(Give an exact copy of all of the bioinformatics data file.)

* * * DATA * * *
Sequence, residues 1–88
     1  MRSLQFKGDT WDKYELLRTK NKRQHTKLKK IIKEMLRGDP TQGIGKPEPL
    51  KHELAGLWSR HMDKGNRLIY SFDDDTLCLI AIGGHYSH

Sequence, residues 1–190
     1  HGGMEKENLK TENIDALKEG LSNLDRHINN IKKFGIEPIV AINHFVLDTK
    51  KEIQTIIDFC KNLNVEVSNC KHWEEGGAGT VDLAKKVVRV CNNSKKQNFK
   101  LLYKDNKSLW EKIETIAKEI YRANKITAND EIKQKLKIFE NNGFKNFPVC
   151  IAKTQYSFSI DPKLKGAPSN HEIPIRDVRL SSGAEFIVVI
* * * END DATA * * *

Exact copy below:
Sequence, residues 1–88
     1  MRSLQFKGDT WDKYELLRTK NKRQHTKLKK IIKEMLRGDP TQGIGKPEPL
    51  KHELAGLWSR HMDKGNRLIY SFDDDTLCLI AIGGHYSH

Sequence, residues 1–190
     1  HGGMEKENLK TENIDALKEG LSNLDRHINN IKKFGIEPIV AINHFVLDTK
    51  KEIQTIIDFC KNLNVEVSNC KHWEEGGAGT VDLAKKVVRV CNNSKKQNFK
   101  LLYKDNKSLW EKIETIAKEI YRANKITAND EIKQKLKIFE NNGFKNFPVC
   151  IAKTQYSFSI DPKLKGAPSN HEIPIRDVRL SSGAEFIVVI